Solomon Islands Suffering from Diarrhoea Outbreak

This post was originally written for The Global Panorama, and has been uploaded here as part of a growing portfolio of work.

HONIARA — More than 18 people have been killed in the Solomon Islands, as a diarrhoea outbreak threatens the entire population of the small Pacific Island. Authorities warn that if immediate action is not taken, more lives will be lost. The outbreak has been blamed on the recent flooding of the Islands in April this year.

60,000 people – more than 10% of the entire population – were made homeless by the floods where at least 23 people where killed. The highly-contagious, deadly ‘rotavirus’ is the most severe form of diarrhoea, especially in young children and infants. All of the people killed from the virus were under five. It is very easily transferred, through touch, food and drink.

Source: Australian Department of Foreign Affairs and Trade

Source: Australian Department of Foreign Affairs and Trade

Lack of clean water supply

Approximately 20,000 children were vaccinated against the disease in the wake of the flooding this year, however, the main water supplies have all been contaminated.

Around 35% of the people who live in the capital, Honiara, are facing ‘serious health problems’ as a result of the dirty water and lack of clean supplies. 92% of residents there have no safe water supply.

Village elder of Malaita, located north-east of the capital city, Satu Pita, says it is scary to see what it causes. “It is somewhat frightening, especially given the fact that we survive off the sea, we live in the sea, eat from the sea, when a virus or bacterial disease like this spreads, everyone will fall victim.”

Doctors and hospitals close to collapse under pressure

Many doctors are complaining about the lack of resources available to them to treat the patients, who come to their practices in record numbers.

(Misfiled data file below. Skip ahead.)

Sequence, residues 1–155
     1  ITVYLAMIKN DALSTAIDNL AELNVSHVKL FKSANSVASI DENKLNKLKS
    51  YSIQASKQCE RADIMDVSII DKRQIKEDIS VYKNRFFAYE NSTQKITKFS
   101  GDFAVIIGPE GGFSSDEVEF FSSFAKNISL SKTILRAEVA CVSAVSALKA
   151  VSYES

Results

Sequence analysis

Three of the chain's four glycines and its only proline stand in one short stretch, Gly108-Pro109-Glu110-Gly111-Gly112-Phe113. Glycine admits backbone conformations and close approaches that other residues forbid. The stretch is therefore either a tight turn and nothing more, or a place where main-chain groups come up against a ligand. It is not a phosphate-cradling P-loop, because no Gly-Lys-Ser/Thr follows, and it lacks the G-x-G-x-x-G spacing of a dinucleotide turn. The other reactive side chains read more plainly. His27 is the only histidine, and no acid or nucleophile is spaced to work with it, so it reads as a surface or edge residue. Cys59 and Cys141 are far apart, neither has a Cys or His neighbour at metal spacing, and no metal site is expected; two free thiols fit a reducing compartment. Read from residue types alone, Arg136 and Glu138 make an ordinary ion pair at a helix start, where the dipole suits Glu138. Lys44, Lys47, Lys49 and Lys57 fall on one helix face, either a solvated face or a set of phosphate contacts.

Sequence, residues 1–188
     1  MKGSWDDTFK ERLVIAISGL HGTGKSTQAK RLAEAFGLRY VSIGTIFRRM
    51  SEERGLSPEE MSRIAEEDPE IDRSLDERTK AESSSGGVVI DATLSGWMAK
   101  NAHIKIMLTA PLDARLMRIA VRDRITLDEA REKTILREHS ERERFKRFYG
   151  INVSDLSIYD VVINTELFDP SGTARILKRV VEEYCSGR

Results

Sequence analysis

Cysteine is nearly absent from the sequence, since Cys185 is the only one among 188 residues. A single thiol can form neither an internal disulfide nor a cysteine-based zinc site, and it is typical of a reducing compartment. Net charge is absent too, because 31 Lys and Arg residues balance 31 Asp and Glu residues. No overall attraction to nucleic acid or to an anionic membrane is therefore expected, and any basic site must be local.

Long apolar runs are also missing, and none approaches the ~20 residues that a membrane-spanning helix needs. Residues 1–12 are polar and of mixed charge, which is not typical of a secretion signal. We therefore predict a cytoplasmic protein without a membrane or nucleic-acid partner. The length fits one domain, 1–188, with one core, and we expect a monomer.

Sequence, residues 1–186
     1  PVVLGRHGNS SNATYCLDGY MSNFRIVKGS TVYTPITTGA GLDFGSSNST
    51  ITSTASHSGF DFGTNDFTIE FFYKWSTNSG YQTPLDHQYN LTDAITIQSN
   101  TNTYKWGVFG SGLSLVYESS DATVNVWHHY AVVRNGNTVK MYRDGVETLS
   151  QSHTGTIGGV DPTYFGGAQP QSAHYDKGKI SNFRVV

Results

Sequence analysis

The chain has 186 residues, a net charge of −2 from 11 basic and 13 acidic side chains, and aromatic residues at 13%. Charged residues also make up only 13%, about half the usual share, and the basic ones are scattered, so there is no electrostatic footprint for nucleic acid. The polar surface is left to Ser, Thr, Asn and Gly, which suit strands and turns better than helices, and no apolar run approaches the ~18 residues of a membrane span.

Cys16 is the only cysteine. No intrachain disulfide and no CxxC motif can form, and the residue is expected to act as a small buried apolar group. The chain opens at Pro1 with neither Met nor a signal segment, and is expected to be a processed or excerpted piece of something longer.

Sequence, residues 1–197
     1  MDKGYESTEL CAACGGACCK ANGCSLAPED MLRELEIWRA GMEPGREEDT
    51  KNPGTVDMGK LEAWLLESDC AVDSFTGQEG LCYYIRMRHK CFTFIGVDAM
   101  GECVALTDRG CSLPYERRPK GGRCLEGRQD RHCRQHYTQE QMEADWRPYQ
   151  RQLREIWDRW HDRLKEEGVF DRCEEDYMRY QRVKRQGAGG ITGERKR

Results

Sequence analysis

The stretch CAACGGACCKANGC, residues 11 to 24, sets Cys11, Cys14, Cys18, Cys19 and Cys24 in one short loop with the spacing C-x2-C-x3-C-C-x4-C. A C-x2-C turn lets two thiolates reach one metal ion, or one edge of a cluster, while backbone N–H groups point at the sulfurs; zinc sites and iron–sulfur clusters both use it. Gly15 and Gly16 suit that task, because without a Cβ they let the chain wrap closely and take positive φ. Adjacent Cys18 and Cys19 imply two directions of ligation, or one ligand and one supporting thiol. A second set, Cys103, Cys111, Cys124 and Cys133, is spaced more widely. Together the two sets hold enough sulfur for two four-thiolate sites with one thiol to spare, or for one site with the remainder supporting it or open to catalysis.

“It is always difficult to control relieving. Patient can discharge fluid at anytime and children especially are hard to control.Some discharging of fluids were made on the hospital floor and taking into account the fact that some people normally sleeps on the floor, it is a situation we are struggling to control,” one doctor told local media.

Soap and Information: How international aid organisations are stopping the spread

UNICEF is one of the organisations deployed to the cluster of islands to help the residents affected, and to prevent any further spread of the virus.

It says the two most powerful, yet basic tools they use, are soap and information. Areas hit worst by the outbreak of the virus are provided with soap as soon as possible, while information sheets are handed out to local residents in the virus-stricken villages.

UNICEF says it’s important that patients stay healthy and safe by washing their hands, but this seemingly simple precaution is becoming increasingly difficult with almost the entire population having no access to clean water.

It’s predicted the outbreak could last another month, and more requests are being made for aid from international partners.

This post was originally published on June 16, 2014.

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